Today, 60 years ago, the visionary convention establishing the European Organization for Nuclear Research — better known with its French acronym, CERN — entered into force, marking the beginning of an extraordinary scientific adventure that has profoundly changed science, technology, and society, and that is still far from over.
2014 marks not just the centenary of the start of World War I, and the 75th anniversary of World War II, but on 29 September it is 60 years since the establishment of CERN, the European Centre for Nuclear Research or, in its modern form, Particle Physics.
At first glance atheism and feminism are two sides of the same coin. After all, the most passionate criticism of patriarchy has come from religious (or formerly religious) female scholars. First-hand experience of male domination in such contexts has led many to translate their views into direct political activism. As a result, the fight for women’s rights has often been inseparable from the critique of organised religion.
Hadrian’s Wall has been in the news again recently for all the wrong reasons. Occasional wits have pondered on its significance in the Scottish Referendum, neglecting the fact that it has never marked the Anglo-Scottish border, and was certainly not constructed to keep the Scots out. Others have mistakenly insinuated that it is closed for business, following the widely reported demise of the Hadrian’s Wall Trust.
Saxo, who lived in the latter part of the twelfth and early thirteenth centuries, was probably a canon of Lund Cathedral (then Danish). He was secretary to Archbishop Abslon, who encouraged his gifted protégé to write a history of his own country to emulate those of other nations, such as Bede’s Ecclesiastical History of the English People.
On 18 September 2014 Scots will vote on the question, ‘Should Scotland be an independent country?’ Campaigners for independence and campaigners for the union agree that this is an historic referendum.
Much of the comment on the official photographic portrait of the Queen released in April this year to celebrate her 88th birthday focussed on her celebrity photographer, David Bailey, who seemed to have ‘infiltrated’ (his word) the bosom of the establishment. Less remarked on, but equally of note, is that the very informal pose that the queen adopted showed her smiling, and not only smiling but also showing her teeth.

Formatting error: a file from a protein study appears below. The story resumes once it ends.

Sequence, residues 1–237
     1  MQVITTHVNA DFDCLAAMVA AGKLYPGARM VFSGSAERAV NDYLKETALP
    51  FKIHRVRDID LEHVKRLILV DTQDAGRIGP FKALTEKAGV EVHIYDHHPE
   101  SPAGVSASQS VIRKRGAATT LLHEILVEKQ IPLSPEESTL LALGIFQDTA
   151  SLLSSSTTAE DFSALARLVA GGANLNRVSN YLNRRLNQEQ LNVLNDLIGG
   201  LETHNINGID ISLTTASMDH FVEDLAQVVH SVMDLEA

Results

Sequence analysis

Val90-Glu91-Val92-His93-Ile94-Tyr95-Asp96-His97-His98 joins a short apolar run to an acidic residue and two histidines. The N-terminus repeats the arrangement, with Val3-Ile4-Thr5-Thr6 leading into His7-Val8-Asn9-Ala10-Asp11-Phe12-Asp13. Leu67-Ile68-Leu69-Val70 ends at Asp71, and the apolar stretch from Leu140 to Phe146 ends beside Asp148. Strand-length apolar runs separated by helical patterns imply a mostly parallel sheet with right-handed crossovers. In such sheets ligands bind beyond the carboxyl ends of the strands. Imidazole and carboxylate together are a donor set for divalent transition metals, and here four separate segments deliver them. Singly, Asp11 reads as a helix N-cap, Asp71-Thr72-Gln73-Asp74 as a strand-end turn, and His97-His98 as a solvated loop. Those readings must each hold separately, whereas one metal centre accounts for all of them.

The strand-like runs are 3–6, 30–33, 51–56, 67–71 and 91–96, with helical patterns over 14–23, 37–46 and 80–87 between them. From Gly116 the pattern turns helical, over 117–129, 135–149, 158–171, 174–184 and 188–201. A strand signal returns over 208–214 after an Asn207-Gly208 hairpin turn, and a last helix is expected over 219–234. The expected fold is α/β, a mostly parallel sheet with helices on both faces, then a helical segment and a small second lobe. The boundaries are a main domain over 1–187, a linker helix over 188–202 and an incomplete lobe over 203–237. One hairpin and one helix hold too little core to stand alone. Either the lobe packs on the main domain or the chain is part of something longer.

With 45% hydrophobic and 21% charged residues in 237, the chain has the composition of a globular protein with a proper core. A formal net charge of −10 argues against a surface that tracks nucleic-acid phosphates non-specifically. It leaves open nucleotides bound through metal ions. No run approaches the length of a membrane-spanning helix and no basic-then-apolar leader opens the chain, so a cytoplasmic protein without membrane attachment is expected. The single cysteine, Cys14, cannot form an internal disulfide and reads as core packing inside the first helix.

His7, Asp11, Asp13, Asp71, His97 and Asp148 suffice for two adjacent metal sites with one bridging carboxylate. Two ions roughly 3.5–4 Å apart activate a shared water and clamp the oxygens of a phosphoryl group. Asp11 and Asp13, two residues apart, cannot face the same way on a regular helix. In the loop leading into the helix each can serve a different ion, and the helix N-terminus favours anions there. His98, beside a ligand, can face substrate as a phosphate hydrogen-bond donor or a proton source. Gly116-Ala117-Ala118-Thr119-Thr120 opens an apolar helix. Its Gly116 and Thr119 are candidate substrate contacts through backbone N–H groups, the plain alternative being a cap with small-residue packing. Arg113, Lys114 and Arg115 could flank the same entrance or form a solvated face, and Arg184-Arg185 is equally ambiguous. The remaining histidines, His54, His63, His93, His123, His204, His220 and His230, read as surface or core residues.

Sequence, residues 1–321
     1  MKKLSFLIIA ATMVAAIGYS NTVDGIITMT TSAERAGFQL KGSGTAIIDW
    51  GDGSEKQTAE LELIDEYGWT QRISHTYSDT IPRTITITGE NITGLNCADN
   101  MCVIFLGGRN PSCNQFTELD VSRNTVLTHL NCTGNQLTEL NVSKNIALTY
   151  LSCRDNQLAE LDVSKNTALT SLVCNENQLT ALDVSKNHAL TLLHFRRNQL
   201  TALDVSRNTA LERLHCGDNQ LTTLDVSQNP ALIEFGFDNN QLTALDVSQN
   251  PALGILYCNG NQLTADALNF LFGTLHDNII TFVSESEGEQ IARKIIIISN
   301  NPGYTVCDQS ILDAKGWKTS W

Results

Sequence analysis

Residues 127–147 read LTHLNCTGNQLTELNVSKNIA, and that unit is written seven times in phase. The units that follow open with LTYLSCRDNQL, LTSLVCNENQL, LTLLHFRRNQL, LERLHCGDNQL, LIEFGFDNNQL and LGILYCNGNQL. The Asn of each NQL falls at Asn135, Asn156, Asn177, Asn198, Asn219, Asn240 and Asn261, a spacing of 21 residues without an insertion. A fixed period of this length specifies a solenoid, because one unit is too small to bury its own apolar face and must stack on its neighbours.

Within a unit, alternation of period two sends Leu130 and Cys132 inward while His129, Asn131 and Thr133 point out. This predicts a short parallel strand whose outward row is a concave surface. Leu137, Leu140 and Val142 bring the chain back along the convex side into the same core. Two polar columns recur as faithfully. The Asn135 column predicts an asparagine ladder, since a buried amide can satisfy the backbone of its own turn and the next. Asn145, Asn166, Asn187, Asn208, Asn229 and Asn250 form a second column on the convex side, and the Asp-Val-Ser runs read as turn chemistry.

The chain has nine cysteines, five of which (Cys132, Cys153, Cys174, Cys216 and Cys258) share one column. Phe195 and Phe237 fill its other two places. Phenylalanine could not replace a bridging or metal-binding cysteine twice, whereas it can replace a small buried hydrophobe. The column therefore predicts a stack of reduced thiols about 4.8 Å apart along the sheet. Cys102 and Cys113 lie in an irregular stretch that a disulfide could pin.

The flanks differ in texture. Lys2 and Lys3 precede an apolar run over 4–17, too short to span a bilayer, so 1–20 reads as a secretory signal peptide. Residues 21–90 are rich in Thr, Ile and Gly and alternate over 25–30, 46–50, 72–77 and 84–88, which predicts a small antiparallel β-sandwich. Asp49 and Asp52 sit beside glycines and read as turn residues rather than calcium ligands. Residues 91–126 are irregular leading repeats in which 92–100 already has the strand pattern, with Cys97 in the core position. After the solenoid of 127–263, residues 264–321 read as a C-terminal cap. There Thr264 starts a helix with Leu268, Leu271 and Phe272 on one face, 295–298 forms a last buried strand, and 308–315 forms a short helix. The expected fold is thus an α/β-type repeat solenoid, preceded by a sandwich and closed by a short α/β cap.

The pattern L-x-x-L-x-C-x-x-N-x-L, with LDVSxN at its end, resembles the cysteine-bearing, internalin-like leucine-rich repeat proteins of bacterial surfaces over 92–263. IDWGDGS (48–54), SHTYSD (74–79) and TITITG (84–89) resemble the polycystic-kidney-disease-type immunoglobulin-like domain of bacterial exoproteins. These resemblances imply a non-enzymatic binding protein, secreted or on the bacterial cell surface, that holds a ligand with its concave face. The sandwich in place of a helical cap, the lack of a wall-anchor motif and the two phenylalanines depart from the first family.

Since the outbreak of the First World War just over one hundred years ago, the debate concerning the conflict’s causes has been shaped by political preoccupations as well as historical research. Wartime mobilization of societies required governments to explain the justice of their cause.
The Vikings are having a good year. In March a blockbuster exhibition opened in the new BP Gallery at the British Museum and tens of thousands have flocked to see the largest collection of Viking treasure ever to be displayed in the British Isles. The centrepiece of the exhibition is the Viking longship known as Roskilde 6. This was excavated from the edge of the Roskilde fjord in Denmark in 1997, during construction of an extension of the Ship Museum, being built to house the previous ships to be found.
I was not that young when New Europe’s transition began in 1989, but I was there: in Poland at the start of the 1990s and in Russia during its 1998 crisis and after, in both cases as the resident economist for the World Bank. This year is the 25th anniversary of New Europe’s transition and the sixth year of Old Europe’s growth-cum-sovereign debt crisis.
To mark the outbreak of the First World War, this week’s Very Short Introductions blog post is an extract from The First World War: A Very Short Introduction, by Michael Howard. The extract below describes the public reaction to the outbreak of war, the government propaganda in the opening months, and the reasons behind each nation going to war.
By Gordon Martel
At 6 a.m. in Brussels the Belgian government was informed that German troops would be entering Belgian territory. Later that morning the German minister assured them that Germany remained ready to offer them ‘the hand of a brother’ and to negotiate a modus vivendi.
On 9 April 1813, only four months after his disastrous retreat from Moscow, Napoleon received the Austrian ambassador, Prince Schwarzenberg, at the Tuileries palace in Paris. It was a critical juncture. In the snows of Russia, Napoleon had just lost the greatest army he had ever assembled – of his invasion force of 600,000, at most 120,000 had returned. Now Austria, France’s main ally, was offering to broker a deal – a compromise peace – between Napoleon and his triumphant enemies Russia and England. Schwarzenberg’s visit to the Tuileries was to start the negotiations.
By Gordon Martel
At 7 a.m. Monday morning the reply of the Belgian government was handed to the German minister in Brussels. The German note had made ‘a deep and painful impression’ on the government. France had given them a formal declaration that it would not violate Belgian neutrality, and, if it were to do so, ‘the Belgian army would offer the most vigorous resistance to the invader’.
By Gordon Martel
Confusion was still widespread on the morning of 2 August 1914. On Saturday Germany and France had joined Austria-Hungary and Russia in announcing their general mobilization; by 7 p.m. Germany appeared to be at war with Russia. Still, the only shots fired in anger consisted of the bombs that the Austrians continued to shower on Belgrade.
By Gordon Martel
The choice between war and peace hung in the balance on Saturday, 1 August 1914. Austria-Hungary and Russia were proceeding with full mobilization: Austria-Hungary was preparing to mobilize along the Russian frontier in Galicia; Russia was preparing to mobilize along the German frontier in Poland.